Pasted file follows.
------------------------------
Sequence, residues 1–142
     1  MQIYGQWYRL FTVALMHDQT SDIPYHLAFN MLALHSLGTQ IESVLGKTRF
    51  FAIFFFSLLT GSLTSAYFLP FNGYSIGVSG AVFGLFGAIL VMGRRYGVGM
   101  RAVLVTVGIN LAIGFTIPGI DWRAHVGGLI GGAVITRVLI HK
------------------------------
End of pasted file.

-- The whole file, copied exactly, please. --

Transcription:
Sequence, residues 1–142
     1  MQIYGQWYRL FTVALMHDQT SDIPYHLAFN MLALHSLGTQ IESVLGKTRF
    51  FAIFFFSLLT GSLTSAYFLP FNGYSIGVSG AVFGLFGAIL VMGRRYGVGM
   101  RAVLVTVGIN LAIGFTIPGI DWRAHVGGLI GGAVITRVLI HK